Here’s a definition of money that will be rejected by conventional economists of all persuasions, but will clear up analytical confusion for those outside the dismal science. Money is that which serves as a medium of exchange, a store of value, and a unit of account, has intrinsic value, and which is not a liability of an individual or entity, including that of a government. The immediate objection to this definition is that it does not describe anything that currently functions as a medium of exchange. Something must be wrong with a definition of money that excludes everything that people now think of as money.
Perhaps it’s not the definition of money that’s flawed, but present monetary arrangements. Everything that now serves as a medium of exchange, a store of value, and a unit of account has minimal or no intrinsic value and is somebody’s liability. Even the US currency is a note, or debt instrument, of the Federal Reserve. These notes pay no interest and have no maturity date, and they can only be redeemed at the Fed for more notes, but they are liabilities on the Fed’s books. Precious metals, on the other hand, which have served as money, or have been the basis of fully convertible paper currencies, are not liabilities.
Behind the curtain of present institutional arrangements, the US government issues IOUs, which are payable in IOUs issued by the central bank, which themselves are only redeemable for more central bank IOUs. The law mandates that these central bank IOUs are “Legal Tender” for settlement of all debts, public and private. While the debt ceiling limits the amount of IOUs the government can issue (although it is invariably raised), there is no limit on the IOUs the Federal Reserve can create. These IOUs are either Federal Reserve Notes or member bank deposits with the Fed (just as a customer deposit with a bank is a bank IOU, a member bank deposit with the Fed is a Fed IOU).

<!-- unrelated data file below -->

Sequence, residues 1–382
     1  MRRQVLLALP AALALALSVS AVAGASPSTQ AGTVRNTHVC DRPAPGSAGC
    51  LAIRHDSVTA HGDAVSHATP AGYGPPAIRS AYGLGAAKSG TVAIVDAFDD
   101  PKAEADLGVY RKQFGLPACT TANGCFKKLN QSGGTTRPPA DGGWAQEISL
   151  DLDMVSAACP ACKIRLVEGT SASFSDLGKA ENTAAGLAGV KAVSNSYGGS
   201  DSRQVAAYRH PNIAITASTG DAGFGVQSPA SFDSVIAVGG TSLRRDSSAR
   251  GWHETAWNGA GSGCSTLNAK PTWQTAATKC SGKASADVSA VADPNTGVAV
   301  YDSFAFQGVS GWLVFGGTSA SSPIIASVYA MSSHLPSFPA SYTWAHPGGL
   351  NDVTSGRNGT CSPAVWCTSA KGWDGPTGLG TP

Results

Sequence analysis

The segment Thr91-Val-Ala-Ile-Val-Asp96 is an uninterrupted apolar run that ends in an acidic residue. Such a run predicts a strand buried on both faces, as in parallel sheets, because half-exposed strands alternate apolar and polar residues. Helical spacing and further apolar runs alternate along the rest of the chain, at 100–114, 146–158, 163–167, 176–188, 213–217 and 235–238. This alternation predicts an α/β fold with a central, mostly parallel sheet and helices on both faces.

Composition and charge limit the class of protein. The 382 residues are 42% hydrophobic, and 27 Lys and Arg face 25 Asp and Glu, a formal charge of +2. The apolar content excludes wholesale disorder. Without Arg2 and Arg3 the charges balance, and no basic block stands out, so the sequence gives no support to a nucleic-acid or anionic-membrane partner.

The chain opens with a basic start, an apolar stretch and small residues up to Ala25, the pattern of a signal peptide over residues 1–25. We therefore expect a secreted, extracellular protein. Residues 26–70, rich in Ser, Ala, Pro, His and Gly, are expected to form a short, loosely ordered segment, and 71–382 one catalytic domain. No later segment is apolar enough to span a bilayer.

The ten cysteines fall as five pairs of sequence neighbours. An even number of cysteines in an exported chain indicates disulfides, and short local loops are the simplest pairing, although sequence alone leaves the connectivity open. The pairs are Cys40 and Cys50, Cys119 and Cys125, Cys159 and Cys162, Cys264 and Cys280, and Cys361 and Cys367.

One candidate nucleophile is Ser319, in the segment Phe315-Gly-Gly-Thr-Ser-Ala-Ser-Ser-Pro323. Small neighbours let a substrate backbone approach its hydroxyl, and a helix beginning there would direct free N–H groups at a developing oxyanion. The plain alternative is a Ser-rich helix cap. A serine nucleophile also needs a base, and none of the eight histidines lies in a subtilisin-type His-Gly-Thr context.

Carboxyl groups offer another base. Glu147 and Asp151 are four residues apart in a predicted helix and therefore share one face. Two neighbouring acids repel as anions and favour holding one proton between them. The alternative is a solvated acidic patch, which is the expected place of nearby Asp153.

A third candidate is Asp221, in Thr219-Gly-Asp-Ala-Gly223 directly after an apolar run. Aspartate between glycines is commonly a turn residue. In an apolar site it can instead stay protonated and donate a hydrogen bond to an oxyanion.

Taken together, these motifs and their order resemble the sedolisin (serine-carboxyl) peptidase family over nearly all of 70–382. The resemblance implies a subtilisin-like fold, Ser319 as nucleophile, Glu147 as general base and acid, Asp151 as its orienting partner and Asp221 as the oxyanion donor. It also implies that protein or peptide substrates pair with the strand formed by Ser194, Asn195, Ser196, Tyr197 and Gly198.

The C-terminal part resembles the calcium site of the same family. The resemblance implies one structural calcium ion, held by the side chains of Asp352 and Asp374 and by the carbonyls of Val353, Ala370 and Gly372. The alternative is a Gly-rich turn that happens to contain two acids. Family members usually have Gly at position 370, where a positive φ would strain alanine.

So why not just call these government and central bank IOUs what they are: debt? And why not call precious metals money? They are not debt and they also have the intrinsic value embedded in the resources necessary to find, mine, smelt, and refine them, their use in various industrial and consumer goods, and they’re indestructibility, divisibility, portability, measurability, and beauty. If used as a medium of exchange, store of value, and unit of account, they satisfy the conventional definition of money, although they are not currently being used as such.
These bright-line distinctions have the virtue of being definitionally accurate. They also remove the definition of money from being a social convention: that is, if people use something as money, it’s money. People today use debt as money, but that doesn’t make it money under the proposed definition, anymore than a social convention to think of cats as dogs and call them dogs will make them bark or slobber with joy when called by their masters (cats don’t have masters). Most importantly, calling things what they are allows intellectual clarity about their role in economics.